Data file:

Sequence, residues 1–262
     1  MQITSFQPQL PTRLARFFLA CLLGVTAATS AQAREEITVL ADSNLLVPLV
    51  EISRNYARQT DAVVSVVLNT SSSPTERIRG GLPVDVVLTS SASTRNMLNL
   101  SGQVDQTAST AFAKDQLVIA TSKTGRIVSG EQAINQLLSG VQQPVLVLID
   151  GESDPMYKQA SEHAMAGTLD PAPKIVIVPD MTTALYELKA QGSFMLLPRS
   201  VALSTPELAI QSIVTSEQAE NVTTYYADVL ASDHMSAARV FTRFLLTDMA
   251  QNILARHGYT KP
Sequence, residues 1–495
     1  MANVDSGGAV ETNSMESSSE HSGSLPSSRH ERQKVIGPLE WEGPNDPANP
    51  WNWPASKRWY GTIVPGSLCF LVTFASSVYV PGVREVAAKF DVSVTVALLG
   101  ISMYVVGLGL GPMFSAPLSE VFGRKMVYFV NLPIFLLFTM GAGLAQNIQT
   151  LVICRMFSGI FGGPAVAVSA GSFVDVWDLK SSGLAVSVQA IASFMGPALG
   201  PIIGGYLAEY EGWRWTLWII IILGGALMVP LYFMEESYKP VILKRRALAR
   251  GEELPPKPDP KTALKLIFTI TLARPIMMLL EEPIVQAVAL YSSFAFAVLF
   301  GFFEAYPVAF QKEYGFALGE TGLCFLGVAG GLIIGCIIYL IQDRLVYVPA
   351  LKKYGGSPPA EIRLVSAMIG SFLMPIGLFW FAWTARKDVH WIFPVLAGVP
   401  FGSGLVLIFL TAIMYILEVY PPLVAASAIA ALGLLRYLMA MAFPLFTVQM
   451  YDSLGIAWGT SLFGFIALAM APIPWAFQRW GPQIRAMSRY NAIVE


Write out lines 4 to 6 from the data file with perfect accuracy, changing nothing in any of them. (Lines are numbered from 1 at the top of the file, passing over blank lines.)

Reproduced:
   101  SGQVDQTAST AFAKDQLVIA TSKTGRIVSG EQAINQLLSG VQQPVLVLID
   151  GESDPMYKQA SEHAMAGTLD PAPKIVIVPD MTTALYELKA QGSFMLLPRS
   201  VALSTPELAI QSIVTSEQAE NVTTYYADVL ASDHMSAARV FTRFLLTDMA